Evaluating Fluorine Levels in Soils using PIGE

Soil, sand and other samples in preparation for fluorine analysis by PIGE.

Soil–a complex mixture of inorganic and organic substances–may vary in composition between different locations. Hence, PIGE, the primary method the Peaslee Group uses for fluorine screening, runs into two issues with soils.


Among soil’s primary inorganic minerals, biotite and muscovite, fluorine may be present. In lower quantities, fluorapatite, topaz, and fluorite introduce fluorine to some soils. Since the focus behind the PIGE fluorine screening process is to evaluate samples for the possibility of containing organic sources of fluorine (PFAS), the natural fluorine present in soil is an interference. Since the concentrations of these minerals may greatly vary between soils, there is no simple correction. Thus, we are developing a method to differentiate inorganic sources of fluorine from organic sources.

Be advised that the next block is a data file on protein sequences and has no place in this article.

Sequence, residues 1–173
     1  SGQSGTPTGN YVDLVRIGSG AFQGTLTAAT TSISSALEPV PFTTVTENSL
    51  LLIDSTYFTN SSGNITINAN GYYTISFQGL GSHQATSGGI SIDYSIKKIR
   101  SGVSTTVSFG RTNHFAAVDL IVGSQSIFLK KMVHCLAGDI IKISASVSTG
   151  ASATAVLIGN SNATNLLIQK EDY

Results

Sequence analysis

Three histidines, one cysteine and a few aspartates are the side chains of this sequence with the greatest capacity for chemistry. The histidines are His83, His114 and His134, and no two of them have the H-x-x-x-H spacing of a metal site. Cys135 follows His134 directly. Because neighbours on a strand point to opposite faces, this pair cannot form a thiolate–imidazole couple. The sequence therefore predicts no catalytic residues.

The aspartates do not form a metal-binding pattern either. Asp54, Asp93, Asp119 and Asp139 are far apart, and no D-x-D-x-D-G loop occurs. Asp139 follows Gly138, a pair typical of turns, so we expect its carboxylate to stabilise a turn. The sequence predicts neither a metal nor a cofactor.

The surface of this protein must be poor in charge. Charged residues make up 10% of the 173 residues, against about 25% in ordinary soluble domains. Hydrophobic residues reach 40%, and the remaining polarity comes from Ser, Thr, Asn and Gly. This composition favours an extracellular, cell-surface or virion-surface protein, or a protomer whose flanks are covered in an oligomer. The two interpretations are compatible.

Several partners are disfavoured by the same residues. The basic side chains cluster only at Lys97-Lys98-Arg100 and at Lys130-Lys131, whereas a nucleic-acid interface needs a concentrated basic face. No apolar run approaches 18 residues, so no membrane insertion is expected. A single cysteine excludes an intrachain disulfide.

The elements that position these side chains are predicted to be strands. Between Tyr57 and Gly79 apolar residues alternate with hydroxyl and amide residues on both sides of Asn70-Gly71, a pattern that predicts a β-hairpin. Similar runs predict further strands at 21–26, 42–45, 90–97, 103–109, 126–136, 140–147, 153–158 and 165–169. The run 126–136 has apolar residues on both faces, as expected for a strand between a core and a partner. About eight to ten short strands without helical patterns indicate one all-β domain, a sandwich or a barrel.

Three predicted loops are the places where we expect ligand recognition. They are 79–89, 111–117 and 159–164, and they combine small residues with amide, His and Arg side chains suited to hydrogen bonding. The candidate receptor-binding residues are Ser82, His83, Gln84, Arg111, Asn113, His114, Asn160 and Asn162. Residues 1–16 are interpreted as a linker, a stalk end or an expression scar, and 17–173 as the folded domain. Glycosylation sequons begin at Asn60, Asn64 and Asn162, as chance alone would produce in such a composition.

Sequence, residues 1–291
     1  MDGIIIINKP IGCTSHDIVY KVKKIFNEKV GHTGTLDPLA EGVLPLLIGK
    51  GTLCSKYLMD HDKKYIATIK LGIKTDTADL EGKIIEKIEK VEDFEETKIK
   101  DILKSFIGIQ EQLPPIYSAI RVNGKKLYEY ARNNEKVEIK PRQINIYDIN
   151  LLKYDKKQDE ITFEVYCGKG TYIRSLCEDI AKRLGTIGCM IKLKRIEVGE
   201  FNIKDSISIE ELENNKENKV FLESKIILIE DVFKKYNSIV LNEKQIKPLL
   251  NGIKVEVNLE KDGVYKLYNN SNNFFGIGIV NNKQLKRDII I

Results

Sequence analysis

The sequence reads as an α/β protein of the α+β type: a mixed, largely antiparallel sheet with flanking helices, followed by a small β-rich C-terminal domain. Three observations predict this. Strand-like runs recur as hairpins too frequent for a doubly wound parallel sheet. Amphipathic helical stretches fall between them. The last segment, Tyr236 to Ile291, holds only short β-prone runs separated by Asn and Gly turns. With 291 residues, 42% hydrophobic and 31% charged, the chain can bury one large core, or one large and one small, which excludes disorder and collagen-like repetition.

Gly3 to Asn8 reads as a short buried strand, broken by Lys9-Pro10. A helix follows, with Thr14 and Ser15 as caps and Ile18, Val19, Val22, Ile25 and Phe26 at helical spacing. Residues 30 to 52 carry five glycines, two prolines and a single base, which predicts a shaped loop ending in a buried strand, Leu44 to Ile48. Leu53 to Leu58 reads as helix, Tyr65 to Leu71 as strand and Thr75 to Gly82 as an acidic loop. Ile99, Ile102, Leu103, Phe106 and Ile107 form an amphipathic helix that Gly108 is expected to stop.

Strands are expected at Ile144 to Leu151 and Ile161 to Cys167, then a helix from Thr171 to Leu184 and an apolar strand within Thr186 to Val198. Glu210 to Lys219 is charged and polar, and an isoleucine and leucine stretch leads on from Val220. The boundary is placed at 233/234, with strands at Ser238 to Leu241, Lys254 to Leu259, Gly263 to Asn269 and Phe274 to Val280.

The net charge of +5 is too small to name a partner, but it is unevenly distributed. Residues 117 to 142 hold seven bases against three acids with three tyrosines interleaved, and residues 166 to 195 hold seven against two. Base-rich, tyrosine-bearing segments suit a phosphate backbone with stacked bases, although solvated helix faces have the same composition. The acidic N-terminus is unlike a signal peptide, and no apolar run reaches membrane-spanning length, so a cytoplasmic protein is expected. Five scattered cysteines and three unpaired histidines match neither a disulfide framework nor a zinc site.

Our PIGE method is based on external standards. Due to major variations in soil composition (consider sand and clay), the stopping power variespotentially leading to inconsistent results between different types of soils. We are currently evaluating the degree to which differences in sample composition affect results. Depending on the results of the tests, we intend to develop a correction.